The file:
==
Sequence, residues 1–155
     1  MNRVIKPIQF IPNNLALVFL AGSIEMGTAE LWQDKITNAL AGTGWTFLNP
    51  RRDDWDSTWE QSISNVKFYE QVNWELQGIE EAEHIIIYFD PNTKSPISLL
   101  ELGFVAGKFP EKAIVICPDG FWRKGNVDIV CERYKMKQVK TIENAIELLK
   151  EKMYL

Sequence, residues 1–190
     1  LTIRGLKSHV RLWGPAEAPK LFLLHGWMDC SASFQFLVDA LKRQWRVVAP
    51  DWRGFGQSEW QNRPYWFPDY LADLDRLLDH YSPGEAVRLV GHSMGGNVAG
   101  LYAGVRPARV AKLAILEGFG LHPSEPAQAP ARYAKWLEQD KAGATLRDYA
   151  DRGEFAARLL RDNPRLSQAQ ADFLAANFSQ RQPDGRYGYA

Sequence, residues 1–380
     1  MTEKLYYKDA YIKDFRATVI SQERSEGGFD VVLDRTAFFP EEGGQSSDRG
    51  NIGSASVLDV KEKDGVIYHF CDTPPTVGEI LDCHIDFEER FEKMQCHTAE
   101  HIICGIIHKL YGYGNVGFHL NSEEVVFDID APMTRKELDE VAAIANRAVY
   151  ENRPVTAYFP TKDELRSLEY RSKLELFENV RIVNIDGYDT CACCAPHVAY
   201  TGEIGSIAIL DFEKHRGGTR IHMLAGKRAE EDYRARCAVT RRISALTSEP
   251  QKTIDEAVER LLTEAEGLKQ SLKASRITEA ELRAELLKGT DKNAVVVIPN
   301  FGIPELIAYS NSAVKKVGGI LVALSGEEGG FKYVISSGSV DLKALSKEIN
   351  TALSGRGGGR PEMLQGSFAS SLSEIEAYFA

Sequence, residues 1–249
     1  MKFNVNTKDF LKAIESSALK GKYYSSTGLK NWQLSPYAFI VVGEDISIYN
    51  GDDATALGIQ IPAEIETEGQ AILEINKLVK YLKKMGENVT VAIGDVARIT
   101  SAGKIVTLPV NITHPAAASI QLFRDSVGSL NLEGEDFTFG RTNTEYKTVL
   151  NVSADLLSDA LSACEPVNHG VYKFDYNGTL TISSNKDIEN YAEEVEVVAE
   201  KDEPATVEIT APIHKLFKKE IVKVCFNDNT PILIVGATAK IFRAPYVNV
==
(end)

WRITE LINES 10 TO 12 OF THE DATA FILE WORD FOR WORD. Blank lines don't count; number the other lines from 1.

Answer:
   151  DRGEFAARLL RDNPRLSQAQ ADFLAANFSQ RQPDGRYGYA

Sequence, residues 1–380
     1  MTEKLYYKDA YIKDFRATVI SQERSEGGFD VVLDRTAFFP EEGGQSSDRG